The Rising Action

      There is a smooth complication of action in the novel. Book I ends with Henry being wounded and being transferred to Milan, a scenario far removed from the war front. This in fact facilitates the rising action or complication of the story i.e., the development and growth of the love story. Book II, deals with this complication. In Book I, Henry’s attitude toward love had been a casual and detached one. For him Catherine had been just a better option from going to the brothels. But in Book II, his physical attraction is shown as developing into a deeper kind of feeling. He moves towards a better and true love. He says “God knows I have not wanted to fall in love with her. I had not wanted to fall in love with anyone but God knows I had and I lay on the bed in the room of the hospital....” Henry and Catherine spend a wonderful summer together as he is convalescences. A high point is reached when Catherine reveals that she is pregnant with Henry’s child and the book ends with Henry going back to the front. Book II, therefore, is a commentary of the love theme.

Further Development and the Climax

      As book II was the description of the action pertaining to the love theme, book III is a description of the war theme. Henry returns to the front leaving Catherine in Milan. As soon as he returns there is a discussion of both love and war. The priest gives an ideal definition of love and he and Rinaldi also express a disgust and depression due to the war. Again, Henry had a detached and aloof attitude to the war in the earlier books. There had been no reason for him to join the war and no reason as such is specified. In this book Henry is also shown as being tired of the war and wishing that it would end. And though he is not a believer, he is shown to be conscientiously performing his duty. But the Italian army faces severe loses on the Coparetto front and is forced to retreat. ’During the retreat Henry witnesses the brutal reality of war. Circumstances compel him to desert the army and escape. He is about to be executed by the Military police as a German in Italian uniform. The book ends with his flight from the Military police on a freight train with his thoughts moving towards Catherine. Book III, therefore, is a development of the war theme, reaching a climax or crisis in the retreat and Henry’s flight. Now, the action has reached a climax in both the themes of the novel, war and love. The novel then goes on to an unraveling or falling action in the following chapter of the next book.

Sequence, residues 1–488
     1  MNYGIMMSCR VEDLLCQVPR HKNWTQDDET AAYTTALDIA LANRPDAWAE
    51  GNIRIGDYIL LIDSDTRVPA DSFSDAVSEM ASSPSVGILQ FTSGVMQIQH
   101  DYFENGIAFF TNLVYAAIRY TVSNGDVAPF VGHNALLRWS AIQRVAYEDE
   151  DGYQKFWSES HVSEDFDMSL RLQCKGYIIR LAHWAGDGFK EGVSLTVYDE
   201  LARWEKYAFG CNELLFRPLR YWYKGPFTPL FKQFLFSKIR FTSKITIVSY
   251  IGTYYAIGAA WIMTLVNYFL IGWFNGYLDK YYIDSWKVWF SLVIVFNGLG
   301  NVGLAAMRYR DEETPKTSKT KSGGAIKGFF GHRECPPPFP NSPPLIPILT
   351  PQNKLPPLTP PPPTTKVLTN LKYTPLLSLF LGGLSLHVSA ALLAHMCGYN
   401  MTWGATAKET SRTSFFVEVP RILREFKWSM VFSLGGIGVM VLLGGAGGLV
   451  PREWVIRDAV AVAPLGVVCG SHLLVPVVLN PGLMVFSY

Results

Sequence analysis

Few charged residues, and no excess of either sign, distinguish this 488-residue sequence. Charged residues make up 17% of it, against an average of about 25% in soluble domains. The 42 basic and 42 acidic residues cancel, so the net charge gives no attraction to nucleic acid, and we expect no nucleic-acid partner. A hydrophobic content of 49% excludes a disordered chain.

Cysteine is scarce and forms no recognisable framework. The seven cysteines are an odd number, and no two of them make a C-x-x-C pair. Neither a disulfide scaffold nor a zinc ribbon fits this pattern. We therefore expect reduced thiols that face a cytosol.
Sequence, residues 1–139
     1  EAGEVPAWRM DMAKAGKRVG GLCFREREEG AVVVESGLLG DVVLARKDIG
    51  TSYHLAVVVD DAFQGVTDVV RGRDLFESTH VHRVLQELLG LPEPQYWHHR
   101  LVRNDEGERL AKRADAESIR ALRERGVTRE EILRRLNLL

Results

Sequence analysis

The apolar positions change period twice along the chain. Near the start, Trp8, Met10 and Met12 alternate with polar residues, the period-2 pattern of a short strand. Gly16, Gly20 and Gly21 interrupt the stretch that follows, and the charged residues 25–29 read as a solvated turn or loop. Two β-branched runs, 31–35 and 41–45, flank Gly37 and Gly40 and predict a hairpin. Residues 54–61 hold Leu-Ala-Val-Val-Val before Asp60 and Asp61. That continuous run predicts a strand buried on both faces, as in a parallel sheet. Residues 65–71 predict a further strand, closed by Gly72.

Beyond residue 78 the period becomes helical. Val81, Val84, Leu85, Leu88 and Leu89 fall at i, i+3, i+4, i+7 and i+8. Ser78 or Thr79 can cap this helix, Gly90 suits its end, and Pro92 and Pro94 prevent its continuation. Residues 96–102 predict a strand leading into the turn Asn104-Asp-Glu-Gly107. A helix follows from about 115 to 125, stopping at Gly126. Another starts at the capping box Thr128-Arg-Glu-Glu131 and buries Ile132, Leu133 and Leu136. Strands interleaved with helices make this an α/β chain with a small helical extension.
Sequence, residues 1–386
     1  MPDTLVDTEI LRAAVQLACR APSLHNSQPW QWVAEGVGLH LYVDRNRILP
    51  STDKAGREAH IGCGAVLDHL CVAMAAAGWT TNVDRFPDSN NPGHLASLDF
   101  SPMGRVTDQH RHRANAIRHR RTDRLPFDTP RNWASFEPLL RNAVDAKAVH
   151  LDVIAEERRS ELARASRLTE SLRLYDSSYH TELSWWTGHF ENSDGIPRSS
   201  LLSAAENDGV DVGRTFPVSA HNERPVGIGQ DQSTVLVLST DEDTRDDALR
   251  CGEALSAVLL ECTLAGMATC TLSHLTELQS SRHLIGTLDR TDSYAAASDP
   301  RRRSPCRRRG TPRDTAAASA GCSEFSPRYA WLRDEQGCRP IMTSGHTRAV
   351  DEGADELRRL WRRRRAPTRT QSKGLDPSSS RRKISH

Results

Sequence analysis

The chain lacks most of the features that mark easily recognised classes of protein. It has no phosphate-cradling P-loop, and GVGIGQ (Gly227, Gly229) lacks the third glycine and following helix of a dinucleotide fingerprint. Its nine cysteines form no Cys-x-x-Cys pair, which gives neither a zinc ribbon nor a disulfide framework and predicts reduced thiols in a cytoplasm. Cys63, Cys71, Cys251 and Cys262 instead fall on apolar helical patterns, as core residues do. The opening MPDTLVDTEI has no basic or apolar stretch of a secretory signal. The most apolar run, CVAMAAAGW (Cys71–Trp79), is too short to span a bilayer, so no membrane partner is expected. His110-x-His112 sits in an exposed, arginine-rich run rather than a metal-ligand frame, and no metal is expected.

The Falling Action